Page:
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    I have very fond memories of my VHS rental days but certainly couldn't trade that in for the movie formats available to us now. VHS was lesser quality, typically pan and scan, often cut, and generally offered no extras. I was a teenager in the 80's and loved that era but what could possibly be the point of going backwards?
     
  12. Angelman

    Angelman OCD Blu Ray Collector

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  13. sade

    sade Member

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    No. The only thing I miss that BluRay doesn't provide is the big artwork, something that laser disk excelled at. Same goes for music & vinyl.
     
  14. Paff

    Paff Super Moderator

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    when I bought my condo in 2011, I streamlined the entertainment center. One of the components that didn't make the cut was my VHS deck. It still sits in my garage. I have not missed it.
     
  15. baggio

    baggio Well-Known Member

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    Speaking on the "idea ONLY" of walking around a video shop. I would lying to say I didn't enjoy doing that. As far as the quality, I so used to DVD and Blu Ray so that part would be very difficult to give up.

    But like I stated, it was fun going to video rental shops. I'm glad I got to experience that years ago.

    Couple of things I wouldn't miss about Blu Ray, the next to non existent bookmark feature. Seriously, almost non of my collection, especially the "smaller" distributors use the feature. Very rare to find a movie that uses them. And that is truly mindbogglingly. Why bookmarking which was on every dvd player known to existence NOT port over to Blu Ray. It's was a no brainer feature. And oh, yeah, NO slow mode or frame advance either. My Sony has neither. :mad:

    P.S. - I currently have a JVC VHS hooked up to my "entertainment center" Which I barely use, but it's there.
     
    Last edited: Jun 19, 2017
  16. zbinks

    zbinks Beset by Creatures of the Deep

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    There are lots of films that never have and never will transition to Blu-Ray or DVD, but none that I miss so much that I would be willing sacrifice both formats for so that I could go VHS exclusive.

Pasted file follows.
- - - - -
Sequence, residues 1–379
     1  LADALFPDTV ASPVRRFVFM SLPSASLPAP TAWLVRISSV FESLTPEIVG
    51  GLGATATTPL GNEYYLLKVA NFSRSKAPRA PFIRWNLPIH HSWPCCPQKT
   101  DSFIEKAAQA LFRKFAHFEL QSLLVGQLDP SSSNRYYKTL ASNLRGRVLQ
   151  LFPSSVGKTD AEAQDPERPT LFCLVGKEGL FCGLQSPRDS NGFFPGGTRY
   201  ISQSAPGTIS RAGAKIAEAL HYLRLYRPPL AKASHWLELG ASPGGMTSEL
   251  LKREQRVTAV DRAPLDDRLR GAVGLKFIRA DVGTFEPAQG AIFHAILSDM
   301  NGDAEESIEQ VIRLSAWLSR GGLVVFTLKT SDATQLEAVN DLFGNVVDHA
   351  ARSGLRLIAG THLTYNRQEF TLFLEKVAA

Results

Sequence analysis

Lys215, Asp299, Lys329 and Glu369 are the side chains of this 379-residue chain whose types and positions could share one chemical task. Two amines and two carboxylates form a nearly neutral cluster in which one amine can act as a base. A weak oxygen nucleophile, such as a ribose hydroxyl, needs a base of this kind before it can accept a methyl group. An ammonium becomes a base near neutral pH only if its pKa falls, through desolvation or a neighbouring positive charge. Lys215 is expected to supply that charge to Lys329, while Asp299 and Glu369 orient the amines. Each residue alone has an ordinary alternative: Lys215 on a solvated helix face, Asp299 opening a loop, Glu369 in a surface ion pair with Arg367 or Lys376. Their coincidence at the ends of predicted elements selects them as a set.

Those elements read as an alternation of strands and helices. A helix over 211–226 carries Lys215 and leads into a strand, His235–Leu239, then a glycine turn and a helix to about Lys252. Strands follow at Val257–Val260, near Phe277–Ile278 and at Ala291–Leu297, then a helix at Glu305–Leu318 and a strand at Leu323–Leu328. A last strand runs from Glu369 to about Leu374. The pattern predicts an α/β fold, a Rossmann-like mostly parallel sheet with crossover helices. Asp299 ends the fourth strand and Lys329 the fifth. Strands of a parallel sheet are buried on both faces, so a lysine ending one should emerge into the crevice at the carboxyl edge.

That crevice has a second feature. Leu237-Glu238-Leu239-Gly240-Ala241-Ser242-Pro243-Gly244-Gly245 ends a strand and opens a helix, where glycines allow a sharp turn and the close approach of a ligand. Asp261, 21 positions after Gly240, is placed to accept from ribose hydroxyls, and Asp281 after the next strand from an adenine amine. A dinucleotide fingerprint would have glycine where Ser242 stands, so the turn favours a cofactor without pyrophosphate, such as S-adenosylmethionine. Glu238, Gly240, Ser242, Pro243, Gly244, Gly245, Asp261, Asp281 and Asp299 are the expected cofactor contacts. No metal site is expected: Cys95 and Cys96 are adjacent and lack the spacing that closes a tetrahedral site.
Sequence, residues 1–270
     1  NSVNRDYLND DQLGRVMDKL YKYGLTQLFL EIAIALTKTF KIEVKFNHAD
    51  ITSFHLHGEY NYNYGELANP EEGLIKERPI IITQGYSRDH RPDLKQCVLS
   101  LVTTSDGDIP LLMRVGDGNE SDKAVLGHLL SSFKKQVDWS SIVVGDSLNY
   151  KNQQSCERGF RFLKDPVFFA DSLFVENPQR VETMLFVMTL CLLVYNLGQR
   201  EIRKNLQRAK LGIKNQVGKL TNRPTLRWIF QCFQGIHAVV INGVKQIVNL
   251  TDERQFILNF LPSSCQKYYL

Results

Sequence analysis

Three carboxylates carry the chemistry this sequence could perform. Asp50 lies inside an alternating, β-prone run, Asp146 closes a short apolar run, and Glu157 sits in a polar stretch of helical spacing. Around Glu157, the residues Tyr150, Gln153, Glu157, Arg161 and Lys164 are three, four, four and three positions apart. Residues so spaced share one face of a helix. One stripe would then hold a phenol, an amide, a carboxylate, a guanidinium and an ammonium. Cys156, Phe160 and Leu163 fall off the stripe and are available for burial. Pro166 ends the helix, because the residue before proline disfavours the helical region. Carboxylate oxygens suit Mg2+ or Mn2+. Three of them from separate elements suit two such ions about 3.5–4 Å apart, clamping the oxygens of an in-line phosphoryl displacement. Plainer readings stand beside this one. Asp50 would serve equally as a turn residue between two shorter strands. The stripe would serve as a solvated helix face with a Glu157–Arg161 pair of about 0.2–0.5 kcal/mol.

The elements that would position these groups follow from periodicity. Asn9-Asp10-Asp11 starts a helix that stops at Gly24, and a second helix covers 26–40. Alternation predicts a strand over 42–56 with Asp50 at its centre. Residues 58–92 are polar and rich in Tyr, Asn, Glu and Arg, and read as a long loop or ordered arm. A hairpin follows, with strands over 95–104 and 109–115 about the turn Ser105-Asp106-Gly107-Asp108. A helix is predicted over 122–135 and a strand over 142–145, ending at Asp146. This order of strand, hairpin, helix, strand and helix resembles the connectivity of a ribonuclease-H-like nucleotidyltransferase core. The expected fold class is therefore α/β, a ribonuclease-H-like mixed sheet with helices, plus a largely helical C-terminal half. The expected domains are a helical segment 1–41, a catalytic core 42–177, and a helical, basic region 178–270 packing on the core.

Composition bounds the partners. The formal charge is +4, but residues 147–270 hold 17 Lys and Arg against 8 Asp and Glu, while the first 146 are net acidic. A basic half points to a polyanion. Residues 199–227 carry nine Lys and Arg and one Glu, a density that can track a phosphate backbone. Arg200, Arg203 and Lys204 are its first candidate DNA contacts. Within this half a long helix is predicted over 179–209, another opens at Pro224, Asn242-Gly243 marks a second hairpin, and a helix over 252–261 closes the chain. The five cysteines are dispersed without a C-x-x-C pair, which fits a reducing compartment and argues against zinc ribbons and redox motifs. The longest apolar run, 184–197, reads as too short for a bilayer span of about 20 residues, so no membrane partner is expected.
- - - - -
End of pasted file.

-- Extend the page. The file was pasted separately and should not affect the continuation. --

17. Katatonia

    Katatonia Hellbound Heart

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    Hell no. VHS looks like shit on screen, and I never liked rewinding tapes.

    VHS tapes and cover art may have looked great, but the actual format was a turd.
     
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  18. zbinks

    zbinks Beset by Creatures of the Deep

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    Let's not forget:

    -Tracking lines / rolling picture that no amount of tracking correction (manual or automatic) could resolve
    -That inevitable moment when the VCR would eat a tape
    -VHS sensitivity to magnetic fields (Don't leave them near a speaker!)
    -Broken cassette mechanisms
    -Long films that were only sold commercially on multitape sets
    -Commercial tapes sold in EP or LP modes
    -Those films that were so impenetrably dark that they were borderline unwatchable on VHS
     
  19. Erick H.

    Erick H. Well-Known Member

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    The video store experience was fun but the format was flawed even then. No.
     
  20. Paff

    Paff Super Moderator

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    And even if we had video stores like we did in the 80s, modern technology changes that too. Remember, you were taking a chance on a movie back then (and don't always use those rose-colored glasses; there were plenty of times you rented something based on the cover and ended up totally disappointed), but today you have a lot more information literally at your fingertips. Even a few years ago when I was frequenting a DVD rental store with a good selection of horror, I was whipping out my phone and searching this site to see what others had said about a particular movie. You sure couldn't do that at the mom-and-pop stores in the 80s!